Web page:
The offensive success followed Pace into the NFL, where he was the No. 1 overall pick in the 1997 Draft by the St. Louis Rams. Pace was part of a Super Bowl winner with the “Greatest Show on Turf.” In 13 NFL seasons, he was a five-time All-Pro.

Said Finkes: “When you look at college players, I don’t think anyone ever had the skillset Orlando had in college. Some guys developed it in the NFL and had great careers. But I don’t think anyone was as complete an offensive tackle as Orlando was in college.”

And the same could hold true for another 143 years.

14 Comments

Comments

d1145fresh's picture

I said this the other day in the Buckshots video but how does he not have an all day pancake shop set up next to Eddie George's Grille? That thing would make killing. 
Also is without question on my all time Buckeye Mt. Rushmore. Possibly the most successful college and pro player OSU has ever had. 

Poison nuts's picture

Tithe pancake shop idea is brilliant! I love a pancake - if it ever happens, I might have to move back just for that...

"Death created time to grow the things that it would kill" - Detective Rustin Cohle.

Gametime's picture

WHERE is Mr. Pace at??? As much love as he's been getting from 11W you'd figure something other than his HoF career at all levels - would be in the works. I love what Ed Warinner has done with the O-line but a small part of me wonders what kinda influence Big O would have on them from a technique and nastiness standpoint. A Buck can dream right?
Good write up KR!

...I too dream in color and in rhyme
So I guess I'm one of a kind in a full house
Cause whenever I open my heart, my soul or my mouth
A touch of God rains out...

chrisgerard's picture

I think he was at Friday Night Lights working with the O linemen, but I wasn't there.  Anyone see him there?

Dougger's picture

Yes i saw him and said "Hey Orlando, you're awesome"
If you wouldn't have guessed it, he's a large human being.

I like football

chitown buckeye's picture

Talk about athletic. If you got watch him play basketball in high school, your jaw would drop at how quick and athletic this 300lb man was. The best to ever play the O-line position. Its about time he was inducted!

"I'm having a heart attack!"

luckynutz's picture

Orlando pace played grown ass man football. Watching him manhandle all comers was an absolute joy. And he was definitely one of a kind. Like the comment from finkes about going into games knowing they wouldn't face any linemen better than what they faced all week in practice. How awesome would that be? surprised the staff hasn't called in pace as a big time recruiting chip. Imagine being 16-17 years old and having a chance to meet one of the best to ever play your position and walk the same path he did? That would be ridiculous in my opinion.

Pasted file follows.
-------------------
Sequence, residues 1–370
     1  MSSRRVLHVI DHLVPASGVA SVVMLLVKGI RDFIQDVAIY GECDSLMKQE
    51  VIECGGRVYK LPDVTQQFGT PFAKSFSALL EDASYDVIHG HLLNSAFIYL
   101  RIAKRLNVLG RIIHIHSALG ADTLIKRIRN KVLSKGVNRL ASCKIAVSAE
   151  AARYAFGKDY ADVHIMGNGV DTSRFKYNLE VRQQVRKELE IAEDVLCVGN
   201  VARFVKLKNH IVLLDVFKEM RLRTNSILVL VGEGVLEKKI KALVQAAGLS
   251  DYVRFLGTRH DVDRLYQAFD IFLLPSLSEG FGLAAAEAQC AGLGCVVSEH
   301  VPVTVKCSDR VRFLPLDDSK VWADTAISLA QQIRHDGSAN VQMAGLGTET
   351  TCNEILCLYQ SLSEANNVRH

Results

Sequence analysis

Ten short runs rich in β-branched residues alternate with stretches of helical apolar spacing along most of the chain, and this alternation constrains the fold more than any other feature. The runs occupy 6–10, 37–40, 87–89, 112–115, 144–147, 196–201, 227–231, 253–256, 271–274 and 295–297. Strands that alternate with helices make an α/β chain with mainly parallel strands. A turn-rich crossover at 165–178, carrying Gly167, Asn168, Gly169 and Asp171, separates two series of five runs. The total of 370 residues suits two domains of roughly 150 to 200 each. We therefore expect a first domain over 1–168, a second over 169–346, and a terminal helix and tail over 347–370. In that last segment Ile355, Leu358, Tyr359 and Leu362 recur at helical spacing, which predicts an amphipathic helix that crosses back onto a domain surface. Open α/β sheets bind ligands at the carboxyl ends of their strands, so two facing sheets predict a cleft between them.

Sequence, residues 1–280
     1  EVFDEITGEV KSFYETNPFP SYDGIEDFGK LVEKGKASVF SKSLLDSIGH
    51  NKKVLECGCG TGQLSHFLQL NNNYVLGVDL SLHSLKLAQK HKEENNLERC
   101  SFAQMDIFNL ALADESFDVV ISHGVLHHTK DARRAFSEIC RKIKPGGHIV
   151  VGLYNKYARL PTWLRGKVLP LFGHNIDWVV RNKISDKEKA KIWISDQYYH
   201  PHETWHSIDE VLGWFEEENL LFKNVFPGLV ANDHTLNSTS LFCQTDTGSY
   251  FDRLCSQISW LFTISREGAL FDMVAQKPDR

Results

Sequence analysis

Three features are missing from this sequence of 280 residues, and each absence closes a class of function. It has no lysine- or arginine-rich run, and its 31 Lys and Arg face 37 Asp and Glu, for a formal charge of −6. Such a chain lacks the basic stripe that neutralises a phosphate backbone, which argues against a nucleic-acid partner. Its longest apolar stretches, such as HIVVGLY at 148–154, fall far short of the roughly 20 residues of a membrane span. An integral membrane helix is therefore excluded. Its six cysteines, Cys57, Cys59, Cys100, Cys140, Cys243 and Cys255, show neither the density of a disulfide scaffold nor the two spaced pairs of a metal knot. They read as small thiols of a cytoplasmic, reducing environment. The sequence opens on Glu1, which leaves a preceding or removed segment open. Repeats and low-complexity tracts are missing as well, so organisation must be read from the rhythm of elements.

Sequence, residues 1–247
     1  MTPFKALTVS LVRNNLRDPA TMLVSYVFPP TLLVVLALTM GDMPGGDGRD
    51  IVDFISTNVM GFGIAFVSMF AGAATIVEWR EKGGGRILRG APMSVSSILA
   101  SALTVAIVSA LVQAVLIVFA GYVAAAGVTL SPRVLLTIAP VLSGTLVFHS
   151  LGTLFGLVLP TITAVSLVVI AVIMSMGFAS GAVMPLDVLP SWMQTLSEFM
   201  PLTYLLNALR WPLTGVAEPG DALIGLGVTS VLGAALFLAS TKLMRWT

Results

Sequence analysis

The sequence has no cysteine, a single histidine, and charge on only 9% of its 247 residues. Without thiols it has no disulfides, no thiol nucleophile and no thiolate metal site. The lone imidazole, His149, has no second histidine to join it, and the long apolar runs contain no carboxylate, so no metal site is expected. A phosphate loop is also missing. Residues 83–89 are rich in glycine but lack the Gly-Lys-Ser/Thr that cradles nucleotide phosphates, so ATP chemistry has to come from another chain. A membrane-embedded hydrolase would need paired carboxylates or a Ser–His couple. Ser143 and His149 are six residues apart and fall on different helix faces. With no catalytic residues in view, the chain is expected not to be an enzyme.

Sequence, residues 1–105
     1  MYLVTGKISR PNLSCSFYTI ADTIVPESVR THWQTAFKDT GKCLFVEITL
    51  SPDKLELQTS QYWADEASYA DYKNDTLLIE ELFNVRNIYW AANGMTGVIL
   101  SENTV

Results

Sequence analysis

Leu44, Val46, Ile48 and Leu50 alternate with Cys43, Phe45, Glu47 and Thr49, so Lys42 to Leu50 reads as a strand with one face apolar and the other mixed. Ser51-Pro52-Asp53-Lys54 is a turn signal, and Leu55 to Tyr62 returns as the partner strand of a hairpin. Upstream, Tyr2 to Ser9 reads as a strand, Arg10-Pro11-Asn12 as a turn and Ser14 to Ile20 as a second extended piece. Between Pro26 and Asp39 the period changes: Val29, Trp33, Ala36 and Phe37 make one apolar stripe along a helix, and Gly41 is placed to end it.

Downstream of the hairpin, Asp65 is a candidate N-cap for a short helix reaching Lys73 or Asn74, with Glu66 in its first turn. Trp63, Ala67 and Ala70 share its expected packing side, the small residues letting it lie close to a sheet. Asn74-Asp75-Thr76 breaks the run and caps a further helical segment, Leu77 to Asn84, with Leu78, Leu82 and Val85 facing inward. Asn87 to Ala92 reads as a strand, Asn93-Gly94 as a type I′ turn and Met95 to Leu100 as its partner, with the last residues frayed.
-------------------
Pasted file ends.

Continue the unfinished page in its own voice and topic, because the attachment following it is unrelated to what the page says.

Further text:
Hovenaut's picture

My father and uncles would talk about Jim Parker and John Hicks being the best linemen they had seen.

All due respect to the both of them, but Orlando Pace just dominated people. We've been fortunate to have had some real talented folks in the trenches, but Pace was the best I've ever seen.

Ahh Saturday's picture

I said this at the very end of another thread, but I'll throw it out again here. Orlando Pace is one of the very few intimidating offensive linemen I have ever seen play. When you lined up across from him, you knew he was gonna eat your lunch for you Jules Winnfield-style.

WC Buckeye's picture

An absolute beast on the football field and a total gentleman off the field. One of the best buckeyes to ever grace the 'shoe. Nice writeup! I, too, would like to know what he's up to these days. I have no doubt he's still repping our beloved university and himself very well.

The only thing that's new in the world is the history that we have forgotten.

bukyze's picture

Best offensive lineman ever.  End of story.

CentralFloridaBuckeye's picture

Man, I loved watching Orlando block for Eddie.  That combination was like money in the bank.  Big Orlando was such a dominating player.  He was one of the best college linemen to ever play the game.  He went on to have an outstanding 13 year NFL career and was a 7 time Pro Bowl selection, which quite honestly it should have been more.  He was dominating when he played for the Rams as well as part of "the greatest show on turf." 
Sure glad you were a Buckeye Orlando!  One of the best to ever play the game!!
Go Bucks!! 

Idaho Helga's picture

One thing I would love to repeat here from my IMHO: Pete Johnson blocked for Archie  innumerable times, Archie owes at least 1 of the 2 heismans to Pete for creating that opening on a regular basis.

buckskin's picture

Greatest lineman to ever play the game.  Watched that Nike OSU highlight video and his blocks were the best shots of the whole video by far.  There's a lot of guys who can run 80 yards for a TD, but very few who can lock up with a guy, drive him a good 10 yards still locked up (no holding) and finally flip him and drive him into the ground.  That's football.
The term "thrown like a rag doll" is way overused; but anytime Mr. Pace started roaming around in the defensive backfield, you would always see a Rageddy Andy.  Kudos to you Orlando.  Good write up Kyle.